By BRETT WILKISON
THE PRESS DEMOCRAT
Starting this week, half the governing board overseeing the launch of Sonoma County’s public power agency will consist of elected officials based in Santa Rosa.
The shakeup, driven by moves to fill Sonoma Clean Power’s expanded eight-person board, will retain two Santa Rosa-based county supervisors — Shirlee Zane and Susan Gorin — and add two Santa Rosa city council members.
The central role Santa Rosa played recently in deliberations about the agency partly fueled the county’s nominations, said David Rabbitt, the Board of Supervisors chairman, who chose Zane and Gorin for the county’s two regular seats.
“I want to make sure we’re all working well together, and I think we are,” Rabbitt said of the power board.
On the sidelines, however — bypassed for any county role on the power agency board, regular or alternate — is embattled Supervisor Efren Carrillo, who has dropped out of public business since his July 13 arrest on suspicion of burglary and prowling.
The 32-year-old west county supervisor, whose case is in the hands of prosecutors, is undergoing treatment for alcohol abuse, according to his lawyer and advisers, and could be away from his job until mid-August. He has been a passionate advocate for the power venture, envisioned as a competitive and greener alternative to PG&E, the region’s main electricity supplier.
Yet Carrillo now faces at best a marginal role guiding its launch, his first significant omission from county business and likely a bruising one because he had been highly involved in the initiative’s formal development, starting with a county study three years ago.
With the legal cloud hanging over Carrillo — his next court date is Aug. 30 — and his extended absence from county business, Rabbitt said he had no other choice.
“While there might be other work that can wait, in this particular case, there is a need to have some consistency going forward as soon as possible,” Rabbitt said. “It’s not meant to be punitive. It’s really meant to do what’s best for Sonoma Clean Power.”
In what could be an emotionally charged moment Tuesday, Rabbitt has planned to make a statement about Carrillo’s arrest at the beginning of the Board of Supervisors meeting, the first since June.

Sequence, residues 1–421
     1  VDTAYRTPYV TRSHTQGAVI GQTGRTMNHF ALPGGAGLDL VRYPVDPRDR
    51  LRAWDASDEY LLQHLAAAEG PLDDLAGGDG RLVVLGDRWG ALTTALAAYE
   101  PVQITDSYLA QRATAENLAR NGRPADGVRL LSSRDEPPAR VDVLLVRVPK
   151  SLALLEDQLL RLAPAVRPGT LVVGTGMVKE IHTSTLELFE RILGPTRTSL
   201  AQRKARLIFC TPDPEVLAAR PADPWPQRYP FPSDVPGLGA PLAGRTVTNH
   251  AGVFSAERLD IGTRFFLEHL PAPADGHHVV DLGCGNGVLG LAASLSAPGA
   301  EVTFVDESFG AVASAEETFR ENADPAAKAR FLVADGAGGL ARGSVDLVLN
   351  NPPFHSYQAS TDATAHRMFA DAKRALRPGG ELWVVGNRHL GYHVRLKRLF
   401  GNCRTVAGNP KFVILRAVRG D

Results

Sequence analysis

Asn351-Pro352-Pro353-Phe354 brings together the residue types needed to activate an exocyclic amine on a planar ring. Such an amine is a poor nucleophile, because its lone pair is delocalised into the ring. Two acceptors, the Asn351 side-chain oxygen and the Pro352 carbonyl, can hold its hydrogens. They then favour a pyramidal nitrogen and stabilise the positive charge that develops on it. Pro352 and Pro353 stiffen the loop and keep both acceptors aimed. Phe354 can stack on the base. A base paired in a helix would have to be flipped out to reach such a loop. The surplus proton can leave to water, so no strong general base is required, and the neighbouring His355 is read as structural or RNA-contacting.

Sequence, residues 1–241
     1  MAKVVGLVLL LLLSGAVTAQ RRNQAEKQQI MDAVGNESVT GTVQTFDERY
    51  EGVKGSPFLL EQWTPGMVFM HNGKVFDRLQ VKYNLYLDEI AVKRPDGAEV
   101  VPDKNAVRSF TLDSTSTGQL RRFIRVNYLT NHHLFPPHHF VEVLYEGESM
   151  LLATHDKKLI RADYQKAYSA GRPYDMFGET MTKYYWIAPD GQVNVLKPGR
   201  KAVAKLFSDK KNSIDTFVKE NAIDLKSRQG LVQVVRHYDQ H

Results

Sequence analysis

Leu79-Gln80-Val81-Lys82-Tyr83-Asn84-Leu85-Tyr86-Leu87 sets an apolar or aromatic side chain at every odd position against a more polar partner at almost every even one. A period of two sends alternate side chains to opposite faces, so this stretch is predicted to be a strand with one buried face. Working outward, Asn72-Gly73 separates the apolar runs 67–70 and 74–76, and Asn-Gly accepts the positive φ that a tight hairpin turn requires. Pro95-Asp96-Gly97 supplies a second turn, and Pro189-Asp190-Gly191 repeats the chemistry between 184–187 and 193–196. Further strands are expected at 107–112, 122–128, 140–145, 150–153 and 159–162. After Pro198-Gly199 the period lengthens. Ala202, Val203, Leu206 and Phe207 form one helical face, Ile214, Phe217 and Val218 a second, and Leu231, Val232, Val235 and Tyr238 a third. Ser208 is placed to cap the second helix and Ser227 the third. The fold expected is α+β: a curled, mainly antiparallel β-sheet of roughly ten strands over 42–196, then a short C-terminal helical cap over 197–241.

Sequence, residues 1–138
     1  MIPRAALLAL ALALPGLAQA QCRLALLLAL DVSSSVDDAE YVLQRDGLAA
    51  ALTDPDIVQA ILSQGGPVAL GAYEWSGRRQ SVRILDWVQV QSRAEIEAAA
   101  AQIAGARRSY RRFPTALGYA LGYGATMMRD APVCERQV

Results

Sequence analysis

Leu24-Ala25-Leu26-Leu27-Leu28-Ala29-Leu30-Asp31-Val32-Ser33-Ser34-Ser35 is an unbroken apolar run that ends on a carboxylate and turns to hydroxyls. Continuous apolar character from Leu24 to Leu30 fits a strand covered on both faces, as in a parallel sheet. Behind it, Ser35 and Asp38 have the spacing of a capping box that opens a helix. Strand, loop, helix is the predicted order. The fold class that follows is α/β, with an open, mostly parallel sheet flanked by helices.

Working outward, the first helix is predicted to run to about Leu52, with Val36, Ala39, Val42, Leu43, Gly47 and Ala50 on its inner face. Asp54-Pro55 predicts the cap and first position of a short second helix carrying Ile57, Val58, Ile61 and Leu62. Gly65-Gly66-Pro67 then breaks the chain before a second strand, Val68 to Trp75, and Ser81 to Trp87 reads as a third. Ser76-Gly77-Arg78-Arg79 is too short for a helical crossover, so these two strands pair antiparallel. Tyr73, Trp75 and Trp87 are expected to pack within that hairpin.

“You can’t just start the meeting and pretend everything is the same,” Rabbitt said. “It’s not.
“Going forward, I just want to say that this happened. It’s not OK — it’s tragic all around — and now we need to get to work,” he said.
In the meantime, Zane and Gorin said they were pleased to have a significant say in the power agency’s launch.
Zane acknowledged in greater detail Friday her behind-the-scenes role in arranging a last-ditch deal three weeks ago that paved the way for Santa Rosa’s participation.
“We were strategizing over the weekend,” she said, about a settlement that evolved in a July 7 meeting between power agency staff and Santa Rosa Mayor Scott Bartley.
“I was being a real advocate for the program and letting (Santa Rosa council members) know that I would do everything in my power to have them join us,” Zane said.
Gorin, who in June stepped down from the power board to make way for Windsor Vice Mayor Bruce Okrepkie, acknowledged the various factors at work in her abrupt return.
Carrillo’s legal troubles were at the top of that list.
“That certainly is a factor,” Gorin said. “Before all this happened, I would not have anticipated that I’d be appointed to this authority.”
She also cited her role representing Sonoma Valley, Rabbitt’s full plate as chairman and his duties on other regional boards and Supervisor Mike McGuire’s growing oversight of county road issues.
“I think the board and the chairman right now is thinking about Efren’s responsibilities and how best to represent the county on a temporary and long-term basis,” Gorin said. “I’m very aware that responsibilities are shifting.”
Zane, who was first elected along with Carrillo in 2008, was tight-lipped speculating about how the sideline role would sit with Carrillo.
“I can only tell you that he was deeply invested, as I was, to make this program be successful and that he had put a lot of time into it,” she said.
The Santa Rosa City Council is set to decide at its Tuesday meeting on its appointees to the power board.
Sources indicated that likely choices include Bartley, the mayor; Jake Ours, who has served on a public-private steering committee for the venture; Vice Mayor Erin Carlstrom; and Robin Swinth, a former engineer who served on the city’s Board of Public Utilities.
Gary Wysocky and Julie Combs, early advocates for many of the governance changes adopted for Santa Rosa’s sake last week, are on the council minority, making them outside contenders.
Each regular seat is backed by an alternate, meaning a total of four elected officials from Santa Rosa and the county each could be involved in some way.
Once a sixth city joins Sonoma Clean Power, the number of regular board seats for Santa Rosa and the county would drop to one each, equal to the rest of the cities.
Cloverdale, Rohnert Park and Petaluma have elected to remain on the sidelines for now. With all eligible cities in the mix the agency would be overseen by a nine-member board.
Among the three other cities being seated Thursday, the regular appointees are Cotati Mayor Mark Landman, Sebastopol Mayor Michael Kyes and Sonoma Councilman Steve Barbose.
The power agency’s 3:30 p.m. meeting is to be held in the Board of Supervisors chambers and will include a presentation on the first-year budget.
You can reach Staff Writer Brett Wilkison at 521-5295 or email@example.com.